Ashton Kutcher: “without reality television, the city of Los Angeles would be a pretty barren zone”

Promoting the new ABC reality series Opportunity Knocks yesterday, its executive producer, Ashton Kutcher, said that reality television has kept Los Angeles alive as films leave to be produced elsewhere.

“I try to create jobs. With all the films moving out of Los Angeles, television and reality television supports a lot of people who make film, make television. And I think without reality television, the city of Los Angeles would be a pretty barren zone. There are a ton of jobs that are created through reality television and so — just not always for actors,” he told TV critics.

Initially, he was asked, “what do you think about actors bitching about reality shows?” and replied, “They bitch about reality shows? They probably just don’t bitch to me because I make them and that would be weird.”

He later went into an extended metaphor about a cake that others are eating before someone gets a piece, and said, “And I think that all those actors that are sort of bitching or worried about reality TV taking away their money or their jobs, there’s another cake coming and they’ll be fine.”

Review: Married at First Sight

Marriage At First Sight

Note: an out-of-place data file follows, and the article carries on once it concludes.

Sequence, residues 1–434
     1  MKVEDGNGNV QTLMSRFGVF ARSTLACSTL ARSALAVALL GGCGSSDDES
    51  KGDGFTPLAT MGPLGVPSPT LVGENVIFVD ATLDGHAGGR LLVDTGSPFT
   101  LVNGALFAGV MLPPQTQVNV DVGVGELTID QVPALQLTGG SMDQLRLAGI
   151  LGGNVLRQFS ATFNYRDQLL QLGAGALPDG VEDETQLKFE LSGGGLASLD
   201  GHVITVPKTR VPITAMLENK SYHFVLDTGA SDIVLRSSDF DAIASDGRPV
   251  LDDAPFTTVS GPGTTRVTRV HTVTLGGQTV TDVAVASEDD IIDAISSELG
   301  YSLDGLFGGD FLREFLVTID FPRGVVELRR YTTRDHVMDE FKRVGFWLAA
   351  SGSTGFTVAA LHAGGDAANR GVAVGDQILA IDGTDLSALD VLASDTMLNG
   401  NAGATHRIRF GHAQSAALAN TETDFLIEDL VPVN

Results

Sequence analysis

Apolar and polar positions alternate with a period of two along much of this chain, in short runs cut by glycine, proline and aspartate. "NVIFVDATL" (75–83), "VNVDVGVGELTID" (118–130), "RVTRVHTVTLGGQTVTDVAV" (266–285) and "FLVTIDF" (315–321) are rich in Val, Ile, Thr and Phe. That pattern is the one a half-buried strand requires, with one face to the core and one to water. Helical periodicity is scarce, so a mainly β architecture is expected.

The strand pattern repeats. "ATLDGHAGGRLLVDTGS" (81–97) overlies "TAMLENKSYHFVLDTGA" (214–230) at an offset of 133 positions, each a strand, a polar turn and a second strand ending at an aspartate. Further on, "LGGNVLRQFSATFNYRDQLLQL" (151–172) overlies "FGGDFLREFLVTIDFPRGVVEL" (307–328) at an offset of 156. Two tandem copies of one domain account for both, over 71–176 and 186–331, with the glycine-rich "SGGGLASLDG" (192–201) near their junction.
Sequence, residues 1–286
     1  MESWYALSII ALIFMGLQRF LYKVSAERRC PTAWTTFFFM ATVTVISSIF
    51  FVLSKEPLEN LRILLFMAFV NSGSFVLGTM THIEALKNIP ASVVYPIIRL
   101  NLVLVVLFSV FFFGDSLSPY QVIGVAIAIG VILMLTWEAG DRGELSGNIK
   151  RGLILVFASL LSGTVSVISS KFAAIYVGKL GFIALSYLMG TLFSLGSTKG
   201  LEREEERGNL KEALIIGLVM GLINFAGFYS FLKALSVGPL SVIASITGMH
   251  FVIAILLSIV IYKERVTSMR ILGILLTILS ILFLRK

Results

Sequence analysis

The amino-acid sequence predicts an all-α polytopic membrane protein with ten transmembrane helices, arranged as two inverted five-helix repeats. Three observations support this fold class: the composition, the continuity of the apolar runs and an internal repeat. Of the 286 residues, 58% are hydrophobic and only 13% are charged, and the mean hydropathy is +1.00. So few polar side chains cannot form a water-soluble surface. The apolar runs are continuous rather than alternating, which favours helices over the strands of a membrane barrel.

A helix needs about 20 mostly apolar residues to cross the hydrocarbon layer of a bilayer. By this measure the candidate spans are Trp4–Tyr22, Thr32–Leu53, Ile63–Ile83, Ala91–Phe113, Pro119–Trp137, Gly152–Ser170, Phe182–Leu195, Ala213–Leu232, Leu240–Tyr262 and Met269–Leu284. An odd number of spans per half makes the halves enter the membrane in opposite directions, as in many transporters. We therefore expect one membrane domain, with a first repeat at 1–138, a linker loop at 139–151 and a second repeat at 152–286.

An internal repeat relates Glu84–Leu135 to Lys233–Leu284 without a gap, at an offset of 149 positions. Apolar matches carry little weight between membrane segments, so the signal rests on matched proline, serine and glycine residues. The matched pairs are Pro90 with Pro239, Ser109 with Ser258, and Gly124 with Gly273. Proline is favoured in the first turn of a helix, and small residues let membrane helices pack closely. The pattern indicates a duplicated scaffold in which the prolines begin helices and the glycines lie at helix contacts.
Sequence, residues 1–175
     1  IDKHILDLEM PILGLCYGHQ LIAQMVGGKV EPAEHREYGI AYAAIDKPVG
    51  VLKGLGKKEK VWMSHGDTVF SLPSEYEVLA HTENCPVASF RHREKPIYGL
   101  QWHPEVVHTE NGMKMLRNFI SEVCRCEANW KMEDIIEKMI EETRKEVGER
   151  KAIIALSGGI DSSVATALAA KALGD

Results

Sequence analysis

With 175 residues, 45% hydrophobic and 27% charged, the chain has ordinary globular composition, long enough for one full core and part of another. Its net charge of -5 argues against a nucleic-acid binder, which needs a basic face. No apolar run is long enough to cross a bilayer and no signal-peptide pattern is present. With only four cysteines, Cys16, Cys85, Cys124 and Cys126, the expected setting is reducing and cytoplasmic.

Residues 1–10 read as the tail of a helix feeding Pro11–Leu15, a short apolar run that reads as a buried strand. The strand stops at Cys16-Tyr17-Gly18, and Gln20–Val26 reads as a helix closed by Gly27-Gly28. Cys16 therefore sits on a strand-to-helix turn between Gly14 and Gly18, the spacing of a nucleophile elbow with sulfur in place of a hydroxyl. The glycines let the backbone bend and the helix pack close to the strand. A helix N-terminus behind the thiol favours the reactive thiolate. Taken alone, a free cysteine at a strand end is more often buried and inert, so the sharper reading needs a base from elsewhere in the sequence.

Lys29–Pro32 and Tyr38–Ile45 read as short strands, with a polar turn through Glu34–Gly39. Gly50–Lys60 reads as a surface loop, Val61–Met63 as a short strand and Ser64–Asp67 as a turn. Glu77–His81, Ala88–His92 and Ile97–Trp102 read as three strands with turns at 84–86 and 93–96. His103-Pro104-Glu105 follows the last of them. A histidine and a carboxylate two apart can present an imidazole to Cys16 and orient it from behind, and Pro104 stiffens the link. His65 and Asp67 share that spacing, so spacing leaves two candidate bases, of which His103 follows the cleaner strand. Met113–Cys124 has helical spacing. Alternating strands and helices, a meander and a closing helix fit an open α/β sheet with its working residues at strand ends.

In an era of Tinder and Grindr, instant acceptance or dismissal of a potential partner, or instant sex with another body, Married at First Sight offers the thrill of watching strangers deal with the very basics of relationships.

Beyond the headline-grabbing premise, the series has turned out to be a stripped-down, authentic exploration of something very interesting. Read the full review.

about the writer

Andy Dehnart is a journalist who has covered reality television for more than 15 years and created reality blurred in 2000. A member of the Television Critics Association, his writing and criticism about television, culture, and media has appeared on NPR and in Playboy, Buzzfeed, and many other publications. Andy, 36, also directs the journalism program at Stetson University in Florida, where he teaches creative nonfiction and journalism. He has an M.F.A. in nonfiction writing and literature from Bennington College. More about reality blurred and Andy.